A close family who has found themselves stranded on an island after a shipwreck.

By J. D. Wyss Edited By G. E. Mitton and With
Four Illustrations In Colour By Harry Rountree
Published By Macmillan & Co. Limited, New York, Circa 1907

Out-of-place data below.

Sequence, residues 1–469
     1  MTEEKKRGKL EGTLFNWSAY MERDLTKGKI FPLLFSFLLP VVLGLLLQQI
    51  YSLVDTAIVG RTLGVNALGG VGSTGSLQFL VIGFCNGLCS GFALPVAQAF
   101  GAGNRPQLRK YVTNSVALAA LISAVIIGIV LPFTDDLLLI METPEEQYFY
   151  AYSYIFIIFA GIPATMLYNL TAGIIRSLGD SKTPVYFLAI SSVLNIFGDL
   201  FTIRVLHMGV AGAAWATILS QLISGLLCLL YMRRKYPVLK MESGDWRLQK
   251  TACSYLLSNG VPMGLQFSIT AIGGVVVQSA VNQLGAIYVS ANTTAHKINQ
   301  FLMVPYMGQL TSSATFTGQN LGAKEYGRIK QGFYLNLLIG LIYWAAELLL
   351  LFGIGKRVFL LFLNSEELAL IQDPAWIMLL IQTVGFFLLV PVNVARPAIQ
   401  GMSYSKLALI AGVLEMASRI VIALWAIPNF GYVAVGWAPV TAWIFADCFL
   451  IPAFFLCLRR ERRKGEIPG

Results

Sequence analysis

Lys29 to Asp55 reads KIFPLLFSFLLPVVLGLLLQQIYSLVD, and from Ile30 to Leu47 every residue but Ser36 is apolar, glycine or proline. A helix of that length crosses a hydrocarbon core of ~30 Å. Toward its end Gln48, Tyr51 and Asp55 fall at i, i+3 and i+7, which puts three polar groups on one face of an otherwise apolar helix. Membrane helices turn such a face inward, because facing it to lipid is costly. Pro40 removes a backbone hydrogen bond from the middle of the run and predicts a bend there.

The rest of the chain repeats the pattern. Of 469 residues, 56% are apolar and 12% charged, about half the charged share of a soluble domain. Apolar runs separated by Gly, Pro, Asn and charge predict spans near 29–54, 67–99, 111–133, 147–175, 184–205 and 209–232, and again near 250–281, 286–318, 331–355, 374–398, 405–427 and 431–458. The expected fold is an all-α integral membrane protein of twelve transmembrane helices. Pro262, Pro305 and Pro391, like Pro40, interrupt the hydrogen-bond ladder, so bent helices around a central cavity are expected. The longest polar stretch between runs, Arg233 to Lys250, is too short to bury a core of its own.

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The Swiss Family Robinson follows a close family who has found themselves stranded on an island after a shipwreck. The story is told from the point of view of the father. The religious family is made up of their intelligent and resourceful father, a kind and caring mother, and their four sons named Fritz, Ernest, Jack, and Franz. Fritz is the eldest son, 15-years-old when the family lands on the island, and he is often tough on his brothers despite his good intentions. Ernest is the second oldest, and he is intelligent and well-formed though indolent. Jack is the third oldest son. He is bold, but often thoughtless. Last is Franz, the youngest son, nearly 8-years-old when the family first is stranded. The story begins with the family's good fortune when they survive a shipwreck in a terrible storm. They find themselves stuck on a ship, after being abandoned by their shipmates, but not too far from shore. Luckily, the family discovers many supplies on the ship including clothing, tools, fish hooks, guns and gun powder, and various useful animals. They find even more treasures on the endlessly fruitful island and continue to prosper and make new and exciting discoveries for years. The boys eventually grow into men and embark on adventures and learn from eachother and the land, when one day the family finds a mysterious message tied to an albatrosse's leg. The message gives them a way back to civilization from friendly strangers, and finally leads the family members to make the hardest decisions of their lives. Who will stay on the island they have made their home, and which of them will make the difficult decision to leave the island and their family forever?